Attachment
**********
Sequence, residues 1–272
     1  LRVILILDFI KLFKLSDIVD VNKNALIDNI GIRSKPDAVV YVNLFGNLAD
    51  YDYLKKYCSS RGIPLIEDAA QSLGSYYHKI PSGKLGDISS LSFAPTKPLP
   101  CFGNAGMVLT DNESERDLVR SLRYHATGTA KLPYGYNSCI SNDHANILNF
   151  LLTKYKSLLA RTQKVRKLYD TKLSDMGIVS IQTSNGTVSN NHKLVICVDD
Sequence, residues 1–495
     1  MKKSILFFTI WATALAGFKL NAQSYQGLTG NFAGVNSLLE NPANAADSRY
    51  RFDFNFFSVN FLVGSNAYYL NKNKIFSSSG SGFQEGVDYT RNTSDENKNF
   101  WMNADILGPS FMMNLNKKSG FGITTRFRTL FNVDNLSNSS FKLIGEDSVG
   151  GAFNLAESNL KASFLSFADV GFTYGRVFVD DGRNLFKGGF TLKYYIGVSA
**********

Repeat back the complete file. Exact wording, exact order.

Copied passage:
Sequence, residues 1–272
     1  LRVILILDFI KLFKLSDIVD VNKNALIDNI GIRSKPDAVV YVNLFGNLAD
    51  YDYLKKYCSS RGIPLIEDAA QSLGSYYHKI PSGKLGDISS LSFAPTKPLP
   101  CFGNAGMVLT DNESERDLVR SLRYHATGTA KLPYGYNSCI SNDHANILNF
   151  LLTKYKSLLA RTQKVRKLYD TKLSDMGIVS IQTSNGTVSN NHKLVICVDD
Sequence, residues 1–495
     1  MKKSILFFTI WATALAGFKL NAQSYQGLTG NFAGVNSLLE NPANAADSRY
    51  RFDFNFFSVN FLVGSNAYYL NKNKIFSSSG SGFQEGVDYT RNTSDENKNF
   101  WMNADILGPS FMMNLNKKSG FGITTRFRTL FNVDNLSNSS FKLIGEDSVG
   151  GAFNLAESNL KASFLSFADV GFTYGRVFVD DGRNLFKGGF TLKYYIGVSA